Walker's World: China's military ambitions
By Martin Walker
Published March 6, 2006
WASHINGTON -- The strategic significance for Asia of the nuclear cooperation deal signed with India last week in New Delhi by U.S. President George W. Bush was underlined Saturday by the announcement that China's military budget for the coming year will rise by almost 15 percent.
This is the 18th consecutive year of double-digit growth in China's defense budget, which officials from the Pentagon and from India's RAW (Research and Analysis Wing) intelligence service agree is now the second largest in the world after the U.S. defense budget of $450 billion.
The paradox is that China's military spending is rising sharply just as the overall numbers of military personnel are falling, as China shifts from a strategic doctrine that relied on mass armies and human wave attacks to a far more sophisticated and capital intensive military with modern and high-technology equipment.
The American and Indian commitment to a new strategic partnership, symbolized by the Bush visit to India, owes a great deal to the common concern over the rise of China and the strategic implications of China's headlong economic growth. The Goldman Sachs financial group last week issued a report suggesting that the Chinese economy will be larger than the American by 2050, and Indian security officials are concerned by the prospect of Chinese dominance over Asia.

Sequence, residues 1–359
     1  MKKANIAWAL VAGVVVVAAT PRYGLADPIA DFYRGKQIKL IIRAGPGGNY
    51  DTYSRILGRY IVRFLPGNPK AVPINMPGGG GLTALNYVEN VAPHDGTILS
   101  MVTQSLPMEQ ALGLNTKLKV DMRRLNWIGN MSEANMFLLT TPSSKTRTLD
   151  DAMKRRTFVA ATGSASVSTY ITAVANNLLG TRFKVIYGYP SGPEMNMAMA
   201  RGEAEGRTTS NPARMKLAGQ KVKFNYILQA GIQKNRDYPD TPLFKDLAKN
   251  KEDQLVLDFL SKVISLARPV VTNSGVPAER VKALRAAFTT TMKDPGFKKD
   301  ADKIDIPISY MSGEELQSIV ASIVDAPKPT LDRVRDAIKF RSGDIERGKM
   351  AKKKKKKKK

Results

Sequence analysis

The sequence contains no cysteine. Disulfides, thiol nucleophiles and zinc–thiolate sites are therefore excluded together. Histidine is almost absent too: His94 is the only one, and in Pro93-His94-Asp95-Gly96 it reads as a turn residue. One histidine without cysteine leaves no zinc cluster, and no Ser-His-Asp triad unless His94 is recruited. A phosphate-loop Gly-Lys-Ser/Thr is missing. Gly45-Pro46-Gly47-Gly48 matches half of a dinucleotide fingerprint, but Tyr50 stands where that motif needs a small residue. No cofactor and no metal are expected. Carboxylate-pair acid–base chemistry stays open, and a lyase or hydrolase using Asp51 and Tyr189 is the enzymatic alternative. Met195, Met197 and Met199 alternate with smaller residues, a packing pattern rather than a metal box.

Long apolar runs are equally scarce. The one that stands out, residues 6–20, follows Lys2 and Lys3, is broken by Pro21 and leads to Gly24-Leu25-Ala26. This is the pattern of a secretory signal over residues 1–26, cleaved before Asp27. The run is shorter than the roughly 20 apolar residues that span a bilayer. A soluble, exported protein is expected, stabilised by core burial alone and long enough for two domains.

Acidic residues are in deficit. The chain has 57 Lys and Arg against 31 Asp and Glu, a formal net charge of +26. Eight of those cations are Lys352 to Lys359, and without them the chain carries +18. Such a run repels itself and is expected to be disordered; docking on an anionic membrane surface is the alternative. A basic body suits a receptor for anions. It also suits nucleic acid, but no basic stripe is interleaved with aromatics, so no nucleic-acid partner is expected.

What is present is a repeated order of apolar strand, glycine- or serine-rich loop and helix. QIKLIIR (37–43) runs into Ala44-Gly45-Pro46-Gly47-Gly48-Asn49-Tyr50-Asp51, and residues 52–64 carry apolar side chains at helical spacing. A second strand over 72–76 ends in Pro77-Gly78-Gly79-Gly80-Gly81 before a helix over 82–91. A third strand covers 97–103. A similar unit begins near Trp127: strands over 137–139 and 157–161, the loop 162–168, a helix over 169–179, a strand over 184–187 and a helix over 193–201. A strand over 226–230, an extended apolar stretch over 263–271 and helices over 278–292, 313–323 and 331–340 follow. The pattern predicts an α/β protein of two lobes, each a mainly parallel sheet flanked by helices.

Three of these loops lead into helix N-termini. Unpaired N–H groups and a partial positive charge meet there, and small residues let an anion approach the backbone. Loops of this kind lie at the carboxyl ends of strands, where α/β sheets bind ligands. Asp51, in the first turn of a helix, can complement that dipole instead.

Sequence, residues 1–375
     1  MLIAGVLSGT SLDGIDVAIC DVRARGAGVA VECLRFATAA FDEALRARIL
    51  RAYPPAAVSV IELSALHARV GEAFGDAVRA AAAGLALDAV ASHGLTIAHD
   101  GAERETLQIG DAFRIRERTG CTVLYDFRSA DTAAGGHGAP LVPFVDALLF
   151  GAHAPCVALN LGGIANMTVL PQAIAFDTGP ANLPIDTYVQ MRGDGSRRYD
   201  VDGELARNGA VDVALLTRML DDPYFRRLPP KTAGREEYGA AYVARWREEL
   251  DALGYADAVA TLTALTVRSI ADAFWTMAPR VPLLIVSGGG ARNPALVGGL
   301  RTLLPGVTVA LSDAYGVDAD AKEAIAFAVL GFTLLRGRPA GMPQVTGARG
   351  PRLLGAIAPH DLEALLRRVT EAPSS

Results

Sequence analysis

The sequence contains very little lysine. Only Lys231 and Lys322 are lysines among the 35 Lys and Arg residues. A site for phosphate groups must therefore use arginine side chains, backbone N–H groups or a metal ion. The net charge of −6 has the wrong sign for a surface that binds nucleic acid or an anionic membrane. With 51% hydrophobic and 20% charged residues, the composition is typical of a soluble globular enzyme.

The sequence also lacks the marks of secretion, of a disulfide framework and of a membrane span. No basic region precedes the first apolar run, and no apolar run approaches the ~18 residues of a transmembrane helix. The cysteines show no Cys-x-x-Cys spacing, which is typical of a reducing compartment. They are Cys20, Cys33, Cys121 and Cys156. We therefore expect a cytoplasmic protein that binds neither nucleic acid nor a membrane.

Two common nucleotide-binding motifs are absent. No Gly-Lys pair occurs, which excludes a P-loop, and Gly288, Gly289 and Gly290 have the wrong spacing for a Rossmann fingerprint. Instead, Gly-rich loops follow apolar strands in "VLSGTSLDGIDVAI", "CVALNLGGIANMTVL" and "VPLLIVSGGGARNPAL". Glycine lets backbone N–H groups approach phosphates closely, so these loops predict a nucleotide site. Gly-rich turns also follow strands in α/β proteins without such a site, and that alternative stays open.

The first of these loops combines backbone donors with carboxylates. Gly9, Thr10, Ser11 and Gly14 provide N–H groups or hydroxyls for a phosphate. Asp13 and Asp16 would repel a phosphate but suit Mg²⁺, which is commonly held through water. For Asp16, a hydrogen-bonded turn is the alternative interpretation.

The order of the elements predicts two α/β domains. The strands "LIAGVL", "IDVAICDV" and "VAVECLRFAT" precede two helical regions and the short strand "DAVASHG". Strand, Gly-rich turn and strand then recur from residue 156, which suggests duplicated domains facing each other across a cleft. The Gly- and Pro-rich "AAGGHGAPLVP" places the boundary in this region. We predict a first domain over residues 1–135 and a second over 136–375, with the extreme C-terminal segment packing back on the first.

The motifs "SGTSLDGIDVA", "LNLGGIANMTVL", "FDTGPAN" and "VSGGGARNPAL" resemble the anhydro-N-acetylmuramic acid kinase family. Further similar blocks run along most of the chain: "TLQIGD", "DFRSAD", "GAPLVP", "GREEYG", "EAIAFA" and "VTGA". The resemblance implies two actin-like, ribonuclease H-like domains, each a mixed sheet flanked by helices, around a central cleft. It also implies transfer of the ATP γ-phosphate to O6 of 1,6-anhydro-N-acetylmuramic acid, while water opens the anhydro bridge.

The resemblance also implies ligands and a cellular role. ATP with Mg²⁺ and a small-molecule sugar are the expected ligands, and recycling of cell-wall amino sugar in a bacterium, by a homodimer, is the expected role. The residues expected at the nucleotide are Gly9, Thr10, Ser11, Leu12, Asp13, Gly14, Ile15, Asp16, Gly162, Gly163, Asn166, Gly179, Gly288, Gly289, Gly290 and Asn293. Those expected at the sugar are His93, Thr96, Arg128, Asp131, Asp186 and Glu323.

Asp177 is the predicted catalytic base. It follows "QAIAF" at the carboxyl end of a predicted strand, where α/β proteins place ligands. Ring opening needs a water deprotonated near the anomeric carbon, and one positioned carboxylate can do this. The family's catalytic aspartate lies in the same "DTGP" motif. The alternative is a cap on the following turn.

The news of the new rise in China's military budget was released in Beijing by parliamentary spokesman Jiang Enzhu, who said the country will increase its military spending by 14.7 percent this year to 283.8 billion yuan or $35.3 billion. He noted that the United States spent a greater proportion of its wealth on defense and that China had "no intention of vigorously developing armaments," claiming that much of the new spending would be devoted to higher petrol and fuel costs and to salaries and concluded that China was a "peace-loving nation."
But much of the new defense expenditure of recent years has gone to buy advanced new weaponry, including S0-27 and su-30 warplanes, Kilo-class submarines and Sovremenny-class warships, all from Russia. China also sought to buy the Phalcon AWACS airborne early warning system from Israel, but was barred when the Bush administration pressured Israel to stop the deal. China has also sought, so far without success, to press the European Union to lift its own arms embargo against China, first imposed after the Tiananmen Square massacre 17 years ago.
American defense analysts claim that the official Chinese budget massively understates the real level of spending, which they believe to be as much as $100 billion a year, three times higher than Beijing admits. They say that the military research and development budget, the military construction and pension and medical bills and some of the procurement costs are all hidden away elsewhere in the civilian budget. They also claim that profits from private companies owned or managed by the Peoples Liberation Army also swell the real military budget.
The new Chinese budget comes after the publication last month of the Pentagon's Quadrennial Defense Review, which described the new priorities of the U.S. military as preparing to conduct a "long war" against terrorists worldwide, to improve homeland security capabilities, and to prepare for possible confrontation with China as an emerging superpower rival.